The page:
I found out my friend-with-benefits is engaged — do I have to tell his fiancee?
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Dear Miss Information,
I started an "acquaintances with benefits" relationship with a guy in my office building (different company, same building) three-plus years ago. We met during a building holiday event (okay, drunkenly made out and compared fetishes); we were both toward the end of long-term relationships so we kept it a secret, and honestly don't have enough in common outside of our sexual interests to consider dating. Things had been going great all this time. Discreet, convenient, and hot, right? Well, I discovered he got engaged over Christmas to a woman in his company — in other words, in my building. I feel like a giant, accidental asshole. I thought we'd been telling each other what/who we'd been doing, but apparently it was just me. I immediately stopped seeing or talking to him, got tested, the usual end-of-the-affair stuff. But now I'm wondering what obligation I have to his fiancée? I recently saw their engagement announcement, and she looks so happy in the photo, but if the timeline is correct he was still hitting me up two weeks post-engagement, and I bet he would still be doing so if I hadn't found out. So what do you think I should do, if anything? It's "none of my business" versus an unspoken obligation to my fellow woman.
— Accidental Asshole
I applaud your impulse to look out for another woman's well-being, as long as it's not just a front for malice or jealousy — which, judging from your tone, it doesn't seem to be. But here's the thing: you're not the asshole, accidental or otherwise. He is. If he was juggling several partners, it's his responsibility to drop the infidelity bomb, not yours. If you contact her, it will likely get messy and the blame will get diffused. She'll be embarrassed, caught off guard, mad at you, and mad at him, and in that condition, she might be willing to shoot the messenger. Then hair-pulling and kicking and screaming may ensue, copiers will get smashed, windows will get broken, security will get called, and the reputation of Women in the Workplace will be set back decades.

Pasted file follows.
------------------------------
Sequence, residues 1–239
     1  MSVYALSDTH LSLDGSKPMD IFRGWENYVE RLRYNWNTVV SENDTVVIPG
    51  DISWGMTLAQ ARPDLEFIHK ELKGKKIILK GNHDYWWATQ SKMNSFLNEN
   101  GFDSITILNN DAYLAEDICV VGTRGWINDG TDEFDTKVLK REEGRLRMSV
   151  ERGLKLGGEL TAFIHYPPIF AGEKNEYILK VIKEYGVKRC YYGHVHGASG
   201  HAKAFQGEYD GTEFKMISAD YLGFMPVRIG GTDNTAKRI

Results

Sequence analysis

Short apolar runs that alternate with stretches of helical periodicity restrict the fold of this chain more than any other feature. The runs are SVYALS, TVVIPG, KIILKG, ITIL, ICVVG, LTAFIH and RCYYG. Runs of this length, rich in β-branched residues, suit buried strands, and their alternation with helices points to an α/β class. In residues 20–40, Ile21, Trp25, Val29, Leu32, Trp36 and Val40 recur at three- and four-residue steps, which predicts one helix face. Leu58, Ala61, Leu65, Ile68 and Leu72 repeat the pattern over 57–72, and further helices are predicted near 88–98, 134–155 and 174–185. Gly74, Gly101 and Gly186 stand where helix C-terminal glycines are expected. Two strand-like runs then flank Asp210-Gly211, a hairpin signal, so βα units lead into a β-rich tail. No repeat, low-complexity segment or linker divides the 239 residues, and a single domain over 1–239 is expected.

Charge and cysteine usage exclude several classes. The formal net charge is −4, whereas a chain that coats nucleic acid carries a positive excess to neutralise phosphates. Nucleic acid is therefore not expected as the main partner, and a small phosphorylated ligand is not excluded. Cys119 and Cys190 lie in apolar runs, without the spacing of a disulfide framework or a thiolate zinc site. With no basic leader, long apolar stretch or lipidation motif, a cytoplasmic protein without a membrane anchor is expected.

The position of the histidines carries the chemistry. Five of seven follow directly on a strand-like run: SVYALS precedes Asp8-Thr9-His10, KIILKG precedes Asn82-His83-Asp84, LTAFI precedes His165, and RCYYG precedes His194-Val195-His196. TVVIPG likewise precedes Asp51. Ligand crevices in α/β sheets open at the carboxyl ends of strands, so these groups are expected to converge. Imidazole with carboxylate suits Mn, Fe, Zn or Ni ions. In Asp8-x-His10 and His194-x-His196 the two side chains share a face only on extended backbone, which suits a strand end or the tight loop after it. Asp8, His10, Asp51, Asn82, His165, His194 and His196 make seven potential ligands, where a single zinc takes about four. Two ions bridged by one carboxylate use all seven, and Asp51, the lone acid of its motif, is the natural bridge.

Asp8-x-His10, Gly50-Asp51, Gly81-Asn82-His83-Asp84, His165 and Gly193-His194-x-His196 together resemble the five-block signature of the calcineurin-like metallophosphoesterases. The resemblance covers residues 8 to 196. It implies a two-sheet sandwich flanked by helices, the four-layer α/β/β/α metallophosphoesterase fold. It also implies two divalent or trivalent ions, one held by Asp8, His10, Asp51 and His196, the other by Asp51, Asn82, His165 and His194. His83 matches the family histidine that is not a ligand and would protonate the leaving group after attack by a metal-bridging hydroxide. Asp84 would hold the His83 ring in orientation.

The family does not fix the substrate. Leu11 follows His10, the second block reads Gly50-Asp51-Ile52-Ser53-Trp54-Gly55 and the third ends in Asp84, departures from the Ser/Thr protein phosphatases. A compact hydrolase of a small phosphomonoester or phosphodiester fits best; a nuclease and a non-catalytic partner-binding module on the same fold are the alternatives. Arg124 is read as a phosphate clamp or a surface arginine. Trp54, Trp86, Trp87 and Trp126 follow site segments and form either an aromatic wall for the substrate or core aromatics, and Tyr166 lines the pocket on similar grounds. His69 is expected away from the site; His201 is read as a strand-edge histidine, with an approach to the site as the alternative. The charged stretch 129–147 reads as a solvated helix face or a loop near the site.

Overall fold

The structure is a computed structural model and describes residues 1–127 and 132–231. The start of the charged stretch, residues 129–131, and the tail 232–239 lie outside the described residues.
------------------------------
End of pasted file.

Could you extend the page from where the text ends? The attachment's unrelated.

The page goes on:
Fight scenes aside, you didn't know he was engaged, so you didn't (knowingly) do anything wrong. If you tell her, you're doing his dirty work for him. He needs to own up to his mistakes.
If this is really nagging you, take it up with the guy. Confront him, ask him to explain the timeline, and tell him how it makes you feel (angry/used/worried for his fiancée, whatever). Maybe she already knows and it's cool, and case closed. Maybe he's just a dick who gets off on the thrill of secrecy. If it's the latter, he's the one who should be held accountable, and he's the one who should come clean.
Dear Miss Info,
I am in love with my best friend, but she says that she's asexual. When I told her how I felt about her, she said that she loves me, too, but that she's not into sex, and wants to maintain a really close platonic relationship like we have. To be fair to her, I've known her for several years and in all that time she has never dated or to my knowledge had sex with anyone, but… really? Is that a real thing? I want to respect her wishes and sexual orientation, but I wonder if it isn't just an excuse for her. What if we really are meant to be together but she's just afraid and in denial? How do I know if I should just accept that I will never be able to be with the woman I love, or if this is just an issue she has that I can help her work through?
— Friend Just Wants Benefits
Dear Friend Just Wants Benefits,
When I was in college, there was a well-known rumor about a student at the neighboring women's college who had come out to her parents as a dragon. As in, "Mom, Dad, I have something to tell you. Ha ha, no, calm down. I'm not gay. No, no! Phew! Nothing like that! I'm a dragon." We passed this story around and howled over our PBRs, because how absurd, right? So we laughed and high-fived each other for being well-adjusted and popular, then went home and quietly sobbed while clasping voodoo dolls and journaling about our feelings. Ugh. College.
So here's the thing, FJWB. Your friend telling you she's asexual may sound a lot to you like a flimsy, whimsical excuse. Like "asexual" = "dragon" = "considering starting a nunnery called 'The Sisterhood of the Traveling Pants,' because of LOLZ." For the record, unlike dragonism, asexuality is a controversial but acknowleged sexual orientation, so you can put that question to bed. But more importantly, she's telling you she's asexual because she's not into you. And because she's not into anybody. It's real to her, so it should be real to you. And if she is just "afraid" and "in denial," those are things she'll have to work through on her own time. These aren't things you can fix in anybody else, and it's a huge misuse of energy to try.
So stay her friend but don't aim for anything else. Her sexuality is none of your business: it's her process and hers alone. Like everyone, she could use a friend — just not one who thinks he knows better than she does. Leave that attitude to snotty undergrads.